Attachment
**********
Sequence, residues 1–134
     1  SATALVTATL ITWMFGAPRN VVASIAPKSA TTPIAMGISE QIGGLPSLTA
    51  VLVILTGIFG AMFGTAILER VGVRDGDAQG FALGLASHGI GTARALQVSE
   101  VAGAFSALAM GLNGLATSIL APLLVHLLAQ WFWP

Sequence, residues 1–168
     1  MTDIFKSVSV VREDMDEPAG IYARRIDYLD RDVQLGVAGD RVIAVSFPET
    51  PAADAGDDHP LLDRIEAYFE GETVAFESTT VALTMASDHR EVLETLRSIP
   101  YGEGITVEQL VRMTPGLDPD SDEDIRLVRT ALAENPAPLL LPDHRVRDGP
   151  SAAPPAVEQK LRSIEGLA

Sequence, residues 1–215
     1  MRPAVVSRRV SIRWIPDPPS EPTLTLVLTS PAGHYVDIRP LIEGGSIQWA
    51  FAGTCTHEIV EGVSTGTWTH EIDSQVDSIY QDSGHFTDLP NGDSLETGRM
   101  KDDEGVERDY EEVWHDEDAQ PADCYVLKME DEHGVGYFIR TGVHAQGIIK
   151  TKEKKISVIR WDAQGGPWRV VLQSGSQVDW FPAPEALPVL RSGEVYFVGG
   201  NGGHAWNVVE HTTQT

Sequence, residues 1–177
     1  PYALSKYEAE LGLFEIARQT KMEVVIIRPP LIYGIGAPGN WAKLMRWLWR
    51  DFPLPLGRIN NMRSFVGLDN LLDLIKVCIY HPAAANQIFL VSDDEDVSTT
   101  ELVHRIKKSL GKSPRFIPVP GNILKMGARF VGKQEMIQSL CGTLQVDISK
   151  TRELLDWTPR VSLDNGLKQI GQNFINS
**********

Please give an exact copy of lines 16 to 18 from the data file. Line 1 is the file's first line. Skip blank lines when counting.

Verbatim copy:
Sequence, residues 1–177
     1  PYALSKYEAE LGLFEIARQT KMEVVIIRPP LIYGIGAPGN WAKLMRWLWR
    51  DFPLPLGRIN NMRSFVGLDN LLDLIKVCIY HPAAANQIFL VSDDEDVSTT